Wednesday, May 11, 2022

What Birds Teach Us

Picture Book: Ruby’s Birds

Author: Mya Thompson

Illustrator: Claudia Davila

Summary: This beautiful book is from the point of view of Ruby, a girl who is 6 or so. She is about to discover the wild side of NYC! Her neighbor, Eva, offers to take Ruby to the park. Ruby assumes they are going to her play place in Central Park, but instead they are going into the forest there. On their way they sing (Ruby loves to sing – this is important!). She’s not sure what to do when they sit quietly so she bursts into song again. 

Eva gets a bit upset because she had just spied a golden-winged warbler, a bird species that Eva saw often in her home country of Costa Rica. Eva explains that Central Park is an excellent place to birdwatch. The birdwatching continues, more quietly. They don't again see the warbler that day, but Eva insists that Ruby now knows what to do to spy another one: Pay attention, move carefully, and be quiet. Ruby is already hooked! She dreams of birds after singing herself to sleep. She teaches her family about birds and birdwatching. Birdwatching becomes her very own practice.

Hanna’s Comments: Birdwatching is a lot like prayer. With a particular orientation, it can be a contemplative practice that calms, grounds, and leads us to praise. In recent years, I have discovered the contemplative and emotionally grounding aspects of birdwatching. The many birds in my feeders have helped me tremendously during the anxious days of the pandemic! I even laugh aloud sometime! Truly they are some of God's most extraordinary gifts. They are delightful to watch, but there can also be stark reminders of wild living that I don’t like to see, like violence, flying into windows & doors, and deaths that sometimes occur. Although such experiences are harder to witness, I know they are a part of creation so they should not be avoided topics of conversation should children mention them.

Because birds, like Ruby, sing so much, spend some time talking about the worship aspects of singing, particularly with concepts such as praise, awe, and gratitude. Ask children a wonder question about why they think birds sing. 

This book has an amazing number of resources in the back! First, the context of the story and some info. about warbler migration are given. Next you’ll find information about 2 key birds in the story. There is a chart listing the 14 bird species found in the illustrations. Last you have Ruby's Tips for Taking a Nature Walk. This page could be used independently on a guided nature walk later.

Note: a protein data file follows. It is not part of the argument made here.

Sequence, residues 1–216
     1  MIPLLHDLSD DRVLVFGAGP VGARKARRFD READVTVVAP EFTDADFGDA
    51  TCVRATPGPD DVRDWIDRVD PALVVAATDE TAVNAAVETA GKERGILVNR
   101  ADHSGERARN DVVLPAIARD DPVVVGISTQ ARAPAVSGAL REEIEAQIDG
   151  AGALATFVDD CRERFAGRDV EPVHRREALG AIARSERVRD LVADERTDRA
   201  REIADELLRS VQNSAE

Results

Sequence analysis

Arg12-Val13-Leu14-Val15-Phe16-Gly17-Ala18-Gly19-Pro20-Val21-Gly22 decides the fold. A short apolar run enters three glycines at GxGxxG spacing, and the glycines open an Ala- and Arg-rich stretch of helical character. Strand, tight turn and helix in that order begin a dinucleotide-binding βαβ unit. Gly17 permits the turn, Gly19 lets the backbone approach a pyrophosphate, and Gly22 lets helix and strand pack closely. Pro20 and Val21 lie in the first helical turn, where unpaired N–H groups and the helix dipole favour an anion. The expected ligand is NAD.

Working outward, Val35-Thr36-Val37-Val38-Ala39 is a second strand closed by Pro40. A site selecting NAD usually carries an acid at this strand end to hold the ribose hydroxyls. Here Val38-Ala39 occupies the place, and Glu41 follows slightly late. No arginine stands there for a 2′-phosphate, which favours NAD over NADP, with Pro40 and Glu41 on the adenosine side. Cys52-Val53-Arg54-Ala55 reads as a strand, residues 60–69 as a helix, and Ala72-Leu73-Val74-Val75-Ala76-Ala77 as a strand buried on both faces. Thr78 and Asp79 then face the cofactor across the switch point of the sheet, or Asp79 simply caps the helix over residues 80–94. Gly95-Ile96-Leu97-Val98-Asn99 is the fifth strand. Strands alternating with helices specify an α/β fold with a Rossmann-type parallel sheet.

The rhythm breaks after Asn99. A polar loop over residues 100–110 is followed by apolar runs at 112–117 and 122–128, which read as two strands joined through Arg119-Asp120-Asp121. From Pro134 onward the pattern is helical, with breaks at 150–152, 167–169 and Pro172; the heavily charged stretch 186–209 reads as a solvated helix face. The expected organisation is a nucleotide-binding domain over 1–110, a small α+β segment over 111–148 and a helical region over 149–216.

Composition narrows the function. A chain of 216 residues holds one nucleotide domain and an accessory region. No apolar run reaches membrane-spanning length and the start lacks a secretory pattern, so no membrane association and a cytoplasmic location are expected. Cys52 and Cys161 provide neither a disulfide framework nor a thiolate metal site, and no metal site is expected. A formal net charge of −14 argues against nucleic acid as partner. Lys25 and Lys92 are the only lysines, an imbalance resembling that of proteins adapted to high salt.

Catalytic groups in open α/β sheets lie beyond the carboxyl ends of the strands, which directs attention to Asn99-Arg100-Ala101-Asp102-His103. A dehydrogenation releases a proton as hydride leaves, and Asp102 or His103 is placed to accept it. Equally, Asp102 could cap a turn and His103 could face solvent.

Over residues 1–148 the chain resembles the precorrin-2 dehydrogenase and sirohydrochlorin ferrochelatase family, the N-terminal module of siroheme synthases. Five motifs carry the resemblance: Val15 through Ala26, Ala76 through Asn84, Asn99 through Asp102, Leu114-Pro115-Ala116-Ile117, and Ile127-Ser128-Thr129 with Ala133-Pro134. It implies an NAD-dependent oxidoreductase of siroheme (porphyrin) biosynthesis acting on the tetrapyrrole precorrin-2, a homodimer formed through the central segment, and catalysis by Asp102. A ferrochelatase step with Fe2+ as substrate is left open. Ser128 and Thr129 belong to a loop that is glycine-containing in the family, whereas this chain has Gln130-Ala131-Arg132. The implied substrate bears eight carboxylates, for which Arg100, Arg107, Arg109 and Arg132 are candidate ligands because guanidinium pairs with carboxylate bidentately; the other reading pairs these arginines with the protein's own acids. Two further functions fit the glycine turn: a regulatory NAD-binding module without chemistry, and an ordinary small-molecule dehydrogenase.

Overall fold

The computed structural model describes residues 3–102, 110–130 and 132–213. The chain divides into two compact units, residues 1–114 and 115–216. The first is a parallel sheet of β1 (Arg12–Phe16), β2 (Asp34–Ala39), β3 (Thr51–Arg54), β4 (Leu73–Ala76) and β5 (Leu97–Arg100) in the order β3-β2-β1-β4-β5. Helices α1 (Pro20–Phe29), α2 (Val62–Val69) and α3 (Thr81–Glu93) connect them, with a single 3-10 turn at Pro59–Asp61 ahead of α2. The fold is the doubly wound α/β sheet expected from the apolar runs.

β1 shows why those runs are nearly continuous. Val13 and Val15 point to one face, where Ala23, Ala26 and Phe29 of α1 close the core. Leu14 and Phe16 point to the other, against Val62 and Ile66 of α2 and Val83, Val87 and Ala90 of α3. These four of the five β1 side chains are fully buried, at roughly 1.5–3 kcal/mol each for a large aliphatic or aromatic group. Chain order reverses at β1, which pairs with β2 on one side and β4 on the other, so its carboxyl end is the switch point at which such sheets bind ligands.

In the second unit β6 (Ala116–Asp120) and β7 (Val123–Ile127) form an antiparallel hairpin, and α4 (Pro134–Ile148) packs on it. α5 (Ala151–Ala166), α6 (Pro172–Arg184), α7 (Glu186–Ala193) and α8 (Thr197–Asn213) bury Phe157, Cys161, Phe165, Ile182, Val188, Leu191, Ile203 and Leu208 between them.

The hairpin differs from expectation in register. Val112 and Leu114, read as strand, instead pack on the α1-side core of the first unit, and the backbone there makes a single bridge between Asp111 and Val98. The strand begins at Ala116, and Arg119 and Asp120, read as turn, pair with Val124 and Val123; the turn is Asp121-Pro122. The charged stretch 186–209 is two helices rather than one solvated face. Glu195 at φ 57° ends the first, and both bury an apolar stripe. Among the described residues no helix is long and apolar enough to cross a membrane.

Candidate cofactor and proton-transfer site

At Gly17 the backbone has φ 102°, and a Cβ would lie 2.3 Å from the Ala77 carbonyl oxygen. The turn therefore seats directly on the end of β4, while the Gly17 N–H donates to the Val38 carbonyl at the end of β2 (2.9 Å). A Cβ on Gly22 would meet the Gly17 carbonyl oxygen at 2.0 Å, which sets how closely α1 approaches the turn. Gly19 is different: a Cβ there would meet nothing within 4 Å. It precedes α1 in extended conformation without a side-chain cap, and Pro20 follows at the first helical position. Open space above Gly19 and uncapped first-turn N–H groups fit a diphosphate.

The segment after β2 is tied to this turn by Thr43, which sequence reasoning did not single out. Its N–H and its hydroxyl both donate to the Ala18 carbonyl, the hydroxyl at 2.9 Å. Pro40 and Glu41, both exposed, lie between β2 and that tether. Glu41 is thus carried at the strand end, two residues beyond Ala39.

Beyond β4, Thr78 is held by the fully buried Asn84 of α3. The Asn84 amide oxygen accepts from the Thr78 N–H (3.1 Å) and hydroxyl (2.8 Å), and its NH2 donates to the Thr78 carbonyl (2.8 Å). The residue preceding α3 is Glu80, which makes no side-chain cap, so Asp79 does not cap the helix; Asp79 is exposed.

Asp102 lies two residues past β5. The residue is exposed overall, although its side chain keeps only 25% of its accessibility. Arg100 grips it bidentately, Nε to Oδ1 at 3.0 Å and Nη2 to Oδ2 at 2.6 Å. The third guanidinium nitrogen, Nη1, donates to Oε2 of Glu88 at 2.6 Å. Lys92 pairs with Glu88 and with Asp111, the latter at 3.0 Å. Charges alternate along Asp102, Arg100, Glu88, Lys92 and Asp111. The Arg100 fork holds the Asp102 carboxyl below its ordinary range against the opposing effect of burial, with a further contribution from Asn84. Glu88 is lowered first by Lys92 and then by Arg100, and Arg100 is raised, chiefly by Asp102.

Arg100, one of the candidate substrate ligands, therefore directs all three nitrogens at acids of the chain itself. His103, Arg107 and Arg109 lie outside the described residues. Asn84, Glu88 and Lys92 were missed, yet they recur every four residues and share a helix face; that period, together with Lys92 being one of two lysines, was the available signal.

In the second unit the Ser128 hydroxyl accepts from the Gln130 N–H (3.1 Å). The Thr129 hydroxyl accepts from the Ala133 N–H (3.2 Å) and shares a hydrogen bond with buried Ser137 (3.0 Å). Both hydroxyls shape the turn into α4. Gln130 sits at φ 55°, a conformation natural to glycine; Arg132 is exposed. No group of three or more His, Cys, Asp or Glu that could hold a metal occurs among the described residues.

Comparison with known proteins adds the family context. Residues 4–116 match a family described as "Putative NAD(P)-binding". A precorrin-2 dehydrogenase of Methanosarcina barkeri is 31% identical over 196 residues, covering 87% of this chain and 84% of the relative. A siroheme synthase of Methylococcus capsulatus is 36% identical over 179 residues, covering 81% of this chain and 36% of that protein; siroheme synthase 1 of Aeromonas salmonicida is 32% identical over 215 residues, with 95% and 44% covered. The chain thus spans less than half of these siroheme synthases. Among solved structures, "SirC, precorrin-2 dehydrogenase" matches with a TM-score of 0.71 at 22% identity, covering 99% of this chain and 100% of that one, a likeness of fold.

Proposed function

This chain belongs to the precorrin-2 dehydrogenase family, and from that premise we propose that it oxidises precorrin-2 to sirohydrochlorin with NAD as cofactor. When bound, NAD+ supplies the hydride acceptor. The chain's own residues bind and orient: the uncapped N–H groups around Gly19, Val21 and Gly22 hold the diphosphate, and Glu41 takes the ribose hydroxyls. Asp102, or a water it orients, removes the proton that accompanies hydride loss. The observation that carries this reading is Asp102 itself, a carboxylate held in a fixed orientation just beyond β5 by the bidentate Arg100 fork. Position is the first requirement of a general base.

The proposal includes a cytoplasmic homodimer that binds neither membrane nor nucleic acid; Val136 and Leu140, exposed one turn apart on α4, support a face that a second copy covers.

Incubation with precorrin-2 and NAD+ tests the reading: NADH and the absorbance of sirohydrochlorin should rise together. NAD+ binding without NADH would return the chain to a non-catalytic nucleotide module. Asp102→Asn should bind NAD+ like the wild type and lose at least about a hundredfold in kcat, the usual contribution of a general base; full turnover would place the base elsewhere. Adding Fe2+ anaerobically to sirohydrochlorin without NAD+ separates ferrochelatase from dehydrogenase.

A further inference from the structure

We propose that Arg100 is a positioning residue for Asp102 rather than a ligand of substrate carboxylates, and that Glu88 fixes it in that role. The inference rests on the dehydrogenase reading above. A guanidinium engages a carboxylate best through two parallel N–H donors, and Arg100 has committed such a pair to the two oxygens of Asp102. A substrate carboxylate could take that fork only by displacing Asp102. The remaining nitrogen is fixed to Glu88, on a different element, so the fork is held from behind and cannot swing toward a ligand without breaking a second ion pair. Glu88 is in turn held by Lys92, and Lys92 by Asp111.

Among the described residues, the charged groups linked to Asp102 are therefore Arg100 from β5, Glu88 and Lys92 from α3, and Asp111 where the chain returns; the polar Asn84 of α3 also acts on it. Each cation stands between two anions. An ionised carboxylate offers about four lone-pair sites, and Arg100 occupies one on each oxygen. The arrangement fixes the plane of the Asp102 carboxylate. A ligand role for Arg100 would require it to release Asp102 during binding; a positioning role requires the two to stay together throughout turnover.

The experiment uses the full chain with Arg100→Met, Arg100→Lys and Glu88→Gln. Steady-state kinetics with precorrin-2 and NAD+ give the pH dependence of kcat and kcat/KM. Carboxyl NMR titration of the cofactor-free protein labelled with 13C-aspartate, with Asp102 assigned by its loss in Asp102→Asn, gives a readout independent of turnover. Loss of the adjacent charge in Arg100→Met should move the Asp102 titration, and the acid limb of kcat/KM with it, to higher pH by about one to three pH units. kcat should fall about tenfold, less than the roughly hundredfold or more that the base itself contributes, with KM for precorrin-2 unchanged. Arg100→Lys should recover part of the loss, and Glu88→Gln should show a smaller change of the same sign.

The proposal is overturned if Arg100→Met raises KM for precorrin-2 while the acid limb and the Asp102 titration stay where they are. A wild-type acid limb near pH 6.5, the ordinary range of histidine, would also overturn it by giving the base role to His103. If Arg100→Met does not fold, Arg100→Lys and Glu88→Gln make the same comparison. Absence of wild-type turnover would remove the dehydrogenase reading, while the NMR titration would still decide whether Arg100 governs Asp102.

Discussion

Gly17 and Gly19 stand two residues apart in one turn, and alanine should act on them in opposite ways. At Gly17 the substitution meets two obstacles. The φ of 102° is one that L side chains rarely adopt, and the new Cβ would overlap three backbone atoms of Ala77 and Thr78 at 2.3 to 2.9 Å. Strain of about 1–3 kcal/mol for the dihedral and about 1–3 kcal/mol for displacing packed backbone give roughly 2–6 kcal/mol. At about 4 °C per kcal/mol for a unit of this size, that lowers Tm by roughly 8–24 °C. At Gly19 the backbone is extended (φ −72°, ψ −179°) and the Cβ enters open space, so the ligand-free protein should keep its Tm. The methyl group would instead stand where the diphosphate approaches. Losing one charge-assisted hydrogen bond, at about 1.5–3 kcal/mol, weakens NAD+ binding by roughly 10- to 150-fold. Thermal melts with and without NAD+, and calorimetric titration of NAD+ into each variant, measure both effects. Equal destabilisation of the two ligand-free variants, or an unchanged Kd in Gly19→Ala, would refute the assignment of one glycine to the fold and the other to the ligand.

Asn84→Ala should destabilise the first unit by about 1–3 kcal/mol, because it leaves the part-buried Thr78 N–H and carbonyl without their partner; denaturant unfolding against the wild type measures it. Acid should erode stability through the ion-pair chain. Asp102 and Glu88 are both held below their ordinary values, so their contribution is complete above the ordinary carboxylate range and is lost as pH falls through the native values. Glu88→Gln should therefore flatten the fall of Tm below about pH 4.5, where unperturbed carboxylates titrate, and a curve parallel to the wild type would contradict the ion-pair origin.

Jesus tells us not to worry and references sparrows in Matthew 6:26. The concept of worrying is so important now thanks to the pandemic that I plan to do a PBT post soon that will feature several books about worrying. If you want to know now which books I plan to feature, contact me.

Original Publisher: Scholastic & The Cornell Lab Publishing Group (It is through Cornell that much excellent bird research is funded!)

Age Appropriateness: 4 and up

Formats other than Book: None at present

Scripture Connections: You may think of a couple of commonly known biblical references to birds such as, “Look at the birds of the air, they neither sew nor reap...” (Matthew 6:26) and Jesus' longing to gather his people like a hen gathers her chicks (Matthew 23:37), but there are many scriptures that reference birds! A general search engine will help you find more. Here's one I just found: Ask the birds of the sky and they will tell you. (Job 12:7)

Connections to The Revised Common Lectionary: I listed this book along with several others about birds in my Trinity Treasures Preschool Curriculum. It’s 3 years of lessons based on the lectionary. Each lesson features a list of recommended picture books. This book is for the lesson in Year B. The theme is God’s Goodness. God’s gifts of birds, flowers, and fruit are the focus. They are all mentioned in Song of Solomon 2:8-13.

PBT Applications: A couple of weeks ago I featured a book about listening. Today's book (and any book about birdwatching or nature walks) would connect with the spiritual practice of listening. However, you can also celebrate God’s diverse plan for our world by reading this book and focusing on the incredible diversity of birds in the world. I suspect you could easily create a game or art project that celebrated God’s feathered gifts. For adults or teens, ask them to tell you a parable or personal story in which a bird's presence or behavior was an important lesson.

Links to other PBT books about birds: 

How to Heal a Broken Wing

Bear and Bird

Sing...Sing a Song!


Washing the Willow Tree Loon


Mama Outside, Mama Inside

The Birds of Bethlehem

Is This Panama?

Baby Wren and the Great Gift

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